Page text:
Paul Knox and Heike Meyer

Small town revival in the age of globalisation

“Small towns can be havens in a fast world, places whose inhabitants think globally but act locally.”

In Europe as a whole, small towns are home to one fifth of the population. Beyond the broad metropolitan core region bounded by London, Milan, and Berlin – and as is the case in Ireland – the figure is often closer to one-third. The majority of Ireland’s small towns were established as traditional market towns. They have long remained small in size because they were bypassed by the transportation systems and agglomeration economies of the industrial era. Unable to remain competitive in the face of changing technologies and the logic of scale and agglomeration associated with the industrial economies of the twentieth century, or with the changing international division of labour associated with the globalisation of the twenty- first century, many market towns have experienced decades of economic and demographic stagnation. Outmigration has typically accounted for a disproportionate share of the brightest, most energetic, and best-educated young people, leaving aging populations that tend to become provincial and parochial in outlook, lacking in vision and leadership. With declining economies and limited capacity to manage change, problems of economic, social and environmental problems become chronic. Overshadowed by Dublin, Cork, Limerick, Galway, and Waterford, and with their identity and distinctive sense of place under threat by the globalisation of consumer culture, market towns are vulnerable to decline both in their social and built structure.

Yet small towns can be extraordinary places, with their own identity and a sociable and enjoyable way of life for their inhabitants. We live both in and through places, and the scale of traditional market towns offers plenty of opportunities for informal, casual meetings and gossip; friendly bars and pubs and a variety of settings in which to purchase and/or consume food; street markets; a variety of comfortable places to sit, wait, and people-watch; a sense of ease with changing seasons; and, above all, a sense of belonging, affection, hospitality, vitality, and historical and cultural continuity. They can be havens in a fast world, places whose inhabitants think globally but act locally.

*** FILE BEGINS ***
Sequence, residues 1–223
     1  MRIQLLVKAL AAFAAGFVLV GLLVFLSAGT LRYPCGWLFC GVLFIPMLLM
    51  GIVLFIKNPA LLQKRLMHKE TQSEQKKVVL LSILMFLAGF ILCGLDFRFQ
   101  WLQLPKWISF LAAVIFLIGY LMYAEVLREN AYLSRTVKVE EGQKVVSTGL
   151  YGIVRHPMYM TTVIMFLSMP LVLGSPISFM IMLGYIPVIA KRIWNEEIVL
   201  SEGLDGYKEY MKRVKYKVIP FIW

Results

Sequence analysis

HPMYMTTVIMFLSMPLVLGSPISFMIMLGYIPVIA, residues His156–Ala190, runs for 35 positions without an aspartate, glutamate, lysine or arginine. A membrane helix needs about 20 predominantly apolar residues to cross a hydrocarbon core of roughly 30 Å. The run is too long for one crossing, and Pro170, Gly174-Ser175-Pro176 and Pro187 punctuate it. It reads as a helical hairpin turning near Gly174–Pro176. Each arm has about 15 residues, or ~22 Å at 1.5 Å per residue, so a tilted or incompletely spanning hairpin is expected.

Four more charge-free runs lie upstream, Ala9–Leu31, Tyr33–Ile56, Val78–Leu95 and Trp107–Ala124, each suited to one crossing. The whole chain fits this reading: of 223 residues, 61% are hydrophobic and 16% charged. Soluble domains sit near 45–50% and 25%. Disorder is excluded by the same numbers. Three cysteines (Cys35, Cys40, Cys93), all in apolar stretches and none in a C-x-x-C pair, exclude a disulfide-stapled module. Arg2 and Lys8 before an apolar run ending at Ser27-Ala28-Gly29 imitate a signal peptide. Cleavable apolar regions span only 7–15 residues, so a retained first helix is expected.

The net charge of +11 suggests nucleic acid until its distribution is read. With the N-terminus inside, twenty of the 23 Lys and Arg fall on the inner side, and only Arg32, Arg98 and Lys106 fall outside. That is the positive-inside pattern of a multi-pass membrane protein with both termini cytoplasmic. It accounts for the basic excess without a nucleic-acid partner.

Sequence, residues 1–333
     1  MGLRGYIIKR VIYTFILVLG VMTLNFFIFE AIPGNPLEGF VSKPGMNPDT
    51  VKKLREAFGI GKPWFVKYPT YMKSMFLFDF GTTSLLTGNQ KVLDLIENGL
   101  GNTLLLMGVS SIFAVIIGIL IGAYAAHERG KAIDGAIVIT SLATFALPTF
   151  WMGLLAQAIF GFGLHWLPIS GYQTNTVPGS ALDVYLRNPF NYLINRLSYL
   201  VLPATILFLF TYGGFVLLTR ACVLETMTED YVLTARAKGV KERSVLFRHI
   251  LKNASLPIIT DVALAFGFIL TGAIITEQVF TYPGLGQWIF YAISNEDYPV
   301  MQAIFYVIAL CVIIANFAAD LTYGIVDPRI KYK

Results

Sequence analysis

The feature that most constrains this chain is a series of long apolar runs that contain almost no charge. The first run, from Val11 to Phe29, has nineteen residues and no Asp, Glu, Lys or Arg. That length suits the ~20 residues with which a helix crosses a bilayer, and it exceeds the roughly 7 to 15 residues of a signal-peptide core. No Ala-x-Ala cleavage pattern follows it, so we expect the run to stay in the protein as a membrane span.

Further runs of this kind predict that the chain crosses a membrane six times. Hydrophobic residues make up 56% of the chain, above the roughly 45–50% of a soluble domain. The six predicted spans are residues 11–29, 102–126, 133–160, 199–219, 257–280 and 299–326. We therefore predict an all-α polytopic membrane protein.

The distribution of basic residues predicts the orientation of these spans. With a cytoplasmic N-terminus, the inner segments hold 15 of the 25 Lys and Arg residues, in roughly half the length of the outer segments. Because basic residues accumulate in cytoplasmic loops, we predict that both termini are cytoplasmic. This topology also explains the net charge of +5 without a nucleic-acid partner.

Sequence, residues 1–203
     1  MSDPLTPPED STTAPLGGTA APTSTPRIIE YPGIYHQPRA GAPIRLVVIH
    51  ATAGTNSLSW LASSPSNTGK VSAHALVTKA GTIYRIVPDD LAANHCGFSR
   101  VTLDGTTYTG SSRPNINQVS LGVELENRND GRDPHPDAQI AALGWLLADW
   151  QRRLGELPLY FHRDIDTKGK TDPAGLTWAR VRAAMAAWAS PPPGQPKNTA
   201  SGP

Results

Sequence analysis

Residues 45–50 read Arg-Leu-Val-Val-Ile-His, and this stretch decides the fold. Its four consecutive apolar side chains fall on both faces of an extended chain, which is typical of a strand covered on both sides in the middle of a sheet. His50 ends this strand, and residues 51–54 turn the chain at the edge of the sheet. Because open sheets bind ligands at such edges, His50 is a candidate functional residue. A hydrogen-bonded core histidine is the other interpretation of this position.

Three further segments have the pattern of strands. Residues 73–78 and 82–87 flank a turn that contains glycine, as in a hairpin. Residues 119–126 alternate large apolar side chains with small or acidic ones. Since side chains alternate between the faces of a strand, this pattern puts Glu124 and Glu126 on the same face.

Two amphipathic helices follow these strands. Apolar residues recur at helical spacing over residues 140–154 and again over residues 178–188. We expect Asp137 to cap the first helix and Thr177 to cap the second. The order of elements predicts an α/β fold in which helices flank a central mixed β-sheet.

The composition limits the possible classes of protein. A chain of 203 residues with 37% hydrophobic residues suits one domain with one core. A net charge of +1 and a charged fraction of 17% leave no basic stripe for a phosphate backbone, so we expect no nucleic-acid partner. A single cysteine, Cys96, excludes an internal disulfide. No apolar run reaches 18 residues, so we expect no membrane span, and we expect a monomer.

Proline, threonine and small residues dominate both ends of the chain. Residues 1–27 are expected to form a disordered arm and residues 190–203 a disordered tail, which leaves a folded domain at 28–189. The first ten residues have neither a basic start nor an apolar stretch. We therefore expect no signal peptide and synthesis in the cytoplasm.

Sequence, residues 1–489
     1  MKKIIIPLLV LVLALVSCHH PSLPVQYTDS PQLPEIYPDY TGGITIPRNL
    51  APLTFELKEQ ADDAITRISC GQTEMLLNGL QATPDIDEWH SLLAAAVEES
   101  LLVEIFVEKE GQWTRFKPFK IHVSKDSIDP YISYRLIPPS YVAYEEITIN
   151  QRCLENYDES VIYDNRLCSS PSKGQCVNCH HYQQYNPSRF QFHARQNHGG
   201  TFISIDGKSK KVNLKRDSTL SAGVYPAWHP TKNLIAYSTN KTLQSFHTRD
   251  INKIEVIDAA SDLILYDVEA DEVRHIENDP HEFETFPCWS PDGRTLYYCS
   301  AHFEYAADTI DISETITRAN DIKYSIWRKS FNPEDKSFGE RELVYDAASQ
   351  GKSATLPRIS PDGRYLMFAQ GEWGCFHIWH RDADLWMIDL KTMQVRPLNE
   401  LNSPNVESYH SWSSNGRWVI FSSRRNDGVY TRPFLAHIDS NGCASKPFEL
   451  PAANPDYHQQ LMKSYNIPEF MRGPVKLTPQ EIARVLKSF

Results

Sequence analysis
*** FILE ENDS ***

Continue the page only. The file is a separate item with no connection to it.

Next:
In recent decades, the relatively inexpensive land and cheap, non-union labour in small towns has attracted inward investment that has resulted in new jobs, albeit in branch plants and back-office operations. Improvements in transport, communication and service infrastructure have also made some towns significantly more attractive to incomers. Altogether, small towns play an important role in regional and national urban systems throughout Europe. The population growth rate of small and medium-sized towns in Western Europe now matches that of large cities, while less urbanised regions have been able to catch up with and even outperform many of Europe’s metropolitan regions in economic terms. Small towns in many parts of the world still face challenges of economic, cultural and environmental sustainability. In recent years these issues have begun to be recognised by research and urban planning practice. In Germany, for example, the Federal Institute for Research on Building, Urban Affairs and Regional Development published research on the role of small and medium sized towns that notes their importance in the country’s interdependent, polycentric urban system. At the European level, recent work indicates that small and medium sized towns are quite heterogeneous and that place-based approaches to their development primarily require detailed analysis but also sensitivity to differences. While developed countries are starting to realise the value and uniqueness of small towns, in developing countries (Africa, Latin America, Asia), small towns are just starting to be recognised as places that may be able to take off the pressure for development in the largest urban centres. However, such approaches need to be aware of the danger for small towns to fall into the trap of ‘would-be cities’ through, for example, attempts to imitate initiatives proven to work in large cities.